Dubai: Scientists have been able to revive abandoned farms in the Northern Emirates and Western Region through using international farming models and adapting it to the local environment.
“In the Northern Emirates alone, the number of farms has fallen by 30 per cent in the last 10 years. The major challenges we have to address is the water scarcity, water quality and the reduction of area under agriculture, and it has got from better to worse,” said Dr Shoaib Esmail, Halophyte Agronomist, International Centre for Biosaline Agriculture (ICBA).
When the farms dry out, farm owners are given a subsidy to work on another farm — abandoning the old ones. In order to utilise farms to their maximum potential, scientists at ICBA have taken a different approach to find water and food security, and by adopting new technology and farming methods, local farmers will be able to save water by 20-30 per cent.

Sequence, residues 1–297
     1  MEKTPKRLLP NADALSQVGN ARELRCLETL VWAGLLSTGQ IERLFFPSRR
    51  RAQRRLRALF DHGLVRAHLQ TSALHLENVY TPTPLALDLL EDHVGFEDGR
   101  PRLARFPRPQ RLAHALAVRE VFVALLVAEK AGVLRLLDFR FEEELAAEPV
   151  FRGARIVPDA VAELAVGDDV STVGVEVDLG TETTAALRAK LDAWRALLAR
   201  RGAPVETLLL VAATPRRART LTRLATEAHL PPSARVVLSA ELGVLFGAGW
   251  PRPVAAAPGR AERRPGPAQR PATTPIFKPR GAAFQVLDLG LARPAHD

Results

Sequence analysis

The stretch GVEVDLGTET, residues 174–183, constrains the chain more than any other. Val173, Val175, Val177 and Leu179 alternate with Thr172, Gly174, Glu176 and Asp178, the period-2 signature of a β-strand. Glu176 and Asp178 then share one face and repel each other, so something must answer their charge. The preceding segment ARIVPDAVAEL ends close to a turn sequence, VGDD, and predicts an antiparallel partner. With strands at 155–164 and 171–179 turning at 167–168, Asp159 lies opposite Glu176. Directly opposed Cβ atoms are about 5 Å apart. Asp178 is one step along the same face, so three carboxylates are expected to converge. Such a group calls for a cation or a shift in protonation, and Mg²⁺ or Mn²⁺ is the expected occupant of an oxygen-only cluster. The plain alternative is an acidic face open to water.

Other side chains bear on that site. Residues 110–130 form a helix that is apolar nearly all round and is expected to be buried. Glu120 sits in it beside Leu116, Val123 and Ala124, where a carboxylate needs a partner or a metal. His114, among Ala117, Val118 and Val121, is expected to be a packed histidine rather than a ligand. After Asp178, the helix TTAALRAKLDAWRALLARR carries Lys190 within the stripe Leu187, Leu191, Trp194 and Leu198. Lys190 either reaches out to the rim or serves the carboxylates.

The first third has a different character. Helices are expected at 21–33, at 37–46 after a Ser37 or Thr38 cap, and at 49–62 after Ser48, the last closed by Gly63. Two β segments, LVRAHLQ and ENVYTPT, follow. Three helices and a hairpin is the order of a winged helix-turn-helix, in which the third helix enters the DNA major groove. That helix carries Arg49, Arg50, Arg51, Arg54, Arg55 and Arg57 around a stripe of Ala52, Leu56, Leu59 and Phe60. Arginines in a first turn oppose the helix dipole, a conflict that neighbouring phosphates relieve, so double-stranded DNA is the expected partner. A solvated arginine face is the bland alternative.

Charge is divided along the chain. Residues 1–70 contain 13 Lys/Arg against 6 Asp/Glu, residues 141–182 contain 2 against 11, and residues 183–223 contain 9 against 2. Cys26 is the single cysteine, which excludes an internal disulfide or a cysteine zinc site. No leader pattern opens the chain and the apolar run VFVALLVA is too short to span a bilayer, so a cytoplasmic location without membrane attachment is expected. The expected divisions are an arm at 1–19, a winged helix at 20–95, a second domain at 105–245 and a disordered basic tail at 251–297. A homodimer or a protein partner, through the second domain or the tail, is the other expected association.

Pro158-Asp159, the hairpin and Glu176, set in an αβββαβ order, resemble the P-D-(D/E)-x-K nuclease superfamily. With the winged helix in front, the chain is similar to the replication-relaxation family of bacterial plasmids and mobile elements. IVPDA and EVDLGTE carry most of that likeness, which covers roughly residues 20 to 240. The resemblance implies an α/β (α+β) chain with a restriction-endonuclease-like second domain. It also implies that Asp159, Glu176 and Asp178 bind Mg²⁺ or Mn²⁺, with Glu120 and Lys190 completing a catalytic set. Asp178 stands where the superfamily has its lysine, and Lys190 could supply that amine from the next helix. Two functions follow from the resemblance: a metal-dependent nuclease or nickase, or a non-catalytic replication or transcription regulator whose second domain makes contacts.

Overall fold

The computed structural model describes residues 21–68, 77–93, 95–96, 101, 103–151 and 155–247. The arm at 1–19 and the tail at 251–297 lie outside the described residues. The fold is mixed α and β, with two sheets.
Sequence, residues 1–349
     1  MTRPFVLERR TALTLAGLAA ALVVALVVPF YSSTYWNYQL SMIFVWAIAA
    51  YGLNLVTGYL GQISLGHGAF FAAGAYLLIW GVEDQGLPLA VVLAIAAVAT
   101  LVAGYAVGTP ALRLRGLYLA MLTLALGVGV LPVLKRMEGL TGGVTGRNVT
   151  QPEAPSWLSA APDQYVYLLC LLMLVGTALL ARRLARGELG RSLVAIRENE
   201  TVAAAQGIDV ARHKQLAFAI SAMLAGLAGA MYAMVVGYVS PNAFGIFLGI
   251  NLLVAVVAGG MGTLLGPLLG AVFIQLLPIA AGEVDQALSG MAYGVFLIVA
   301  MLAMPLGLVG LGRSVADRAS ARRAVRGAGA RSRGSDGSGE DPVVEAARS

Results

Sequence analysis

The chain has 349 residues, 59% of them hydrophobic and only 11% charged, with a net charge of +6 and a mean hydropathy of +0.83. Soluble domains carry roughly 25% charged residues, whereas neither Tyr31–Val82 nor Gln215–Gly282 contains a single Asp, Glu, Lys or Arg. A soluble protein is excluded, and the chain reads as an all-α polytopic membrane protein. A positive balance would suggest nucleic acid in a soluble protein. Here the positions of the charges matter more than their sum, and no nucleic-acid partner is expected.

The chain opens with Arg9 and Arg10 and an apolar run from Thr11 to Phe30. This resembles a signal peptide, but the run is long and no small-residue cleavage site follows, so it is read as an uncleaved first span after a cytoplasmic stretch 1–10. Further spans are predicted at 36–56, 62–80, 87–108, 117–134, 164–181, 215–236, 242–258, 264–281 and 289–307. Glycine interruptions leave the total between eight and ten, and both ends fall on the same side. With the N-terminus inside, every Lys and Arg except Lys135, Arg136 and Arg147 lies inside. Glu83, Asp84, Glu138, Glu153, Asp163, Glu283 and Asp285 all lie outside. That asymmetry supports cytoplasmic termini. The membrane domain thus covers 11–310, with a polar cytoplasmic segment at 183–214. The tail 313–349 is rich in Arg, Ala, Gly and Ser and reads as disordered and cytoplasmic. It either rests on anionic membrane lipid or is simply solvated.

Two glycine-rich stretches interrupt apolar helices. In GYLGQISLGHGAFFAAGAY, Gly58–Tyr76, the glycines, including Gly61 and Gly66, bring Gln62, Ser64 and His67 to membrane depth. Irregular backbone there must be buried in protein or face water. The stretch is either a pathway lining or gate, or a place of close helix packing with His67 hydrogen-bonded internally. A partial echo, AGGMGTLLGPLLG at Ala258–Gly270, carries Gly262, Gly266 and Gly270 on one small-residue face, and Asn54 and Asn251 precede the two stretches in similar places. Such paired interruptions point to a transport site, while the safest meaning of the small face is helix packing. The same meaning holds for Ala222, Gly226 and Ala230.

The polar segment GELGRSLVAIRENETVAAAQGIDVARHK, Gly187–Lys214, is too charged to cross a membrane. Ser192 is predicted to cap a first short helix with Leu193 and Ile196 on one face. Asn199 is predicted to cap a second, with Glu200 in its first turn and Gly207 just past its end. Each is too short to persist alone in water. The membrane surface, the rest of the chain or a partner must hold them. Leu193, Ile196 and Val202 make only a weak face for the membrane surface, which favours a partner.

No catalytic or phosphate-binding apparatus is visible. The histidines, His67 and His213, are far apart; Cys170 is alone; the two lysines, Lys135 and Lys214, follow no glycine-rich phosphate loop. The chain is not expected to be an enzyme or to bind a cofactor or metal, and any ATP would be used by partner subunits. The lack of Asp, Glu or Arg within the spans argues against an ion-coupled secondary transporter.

These models have also been tested in cooperation with the Abu Dhabi Farmer Services Centre on three abandoned farms in the Western regions of Abu Dhabi, including Madinat Zayed, Mezaira’a and Ghayathi.
“Instead of importing foodgrains, local farmers can use a combination of fresh, desalinated and sewage treated water. In this way, the farmers can locally produce their food grains and create a market for their cattle, such as meats and dairy products, instead of focusing only on crops,” he said.
According to the study issued by Dr Esmail, these abandoned farms have become productive in the last 18 months, and been saved by choosing a different crops and an efficient irrigation system.
“Such a concept should be promoted in the UAE, not only through the Ministry of Environment but through all government departments as well. This should also be expand throughout the Gulf. We should all [work] under the umbrella of adaptation if we want to change the consequences and address the issues of climate change,” said Dr Rashid Ahmad Bin Fahd, Minister of Environment and Water.
Dr Rachael McDonnell, Water Governance and Policy Scientist at ICBA, further explained that climate change in the UAE have increased temperatures and, which is likely to lead to an increase in demand of water for crops, while the natural groundwater recharge is also reduced.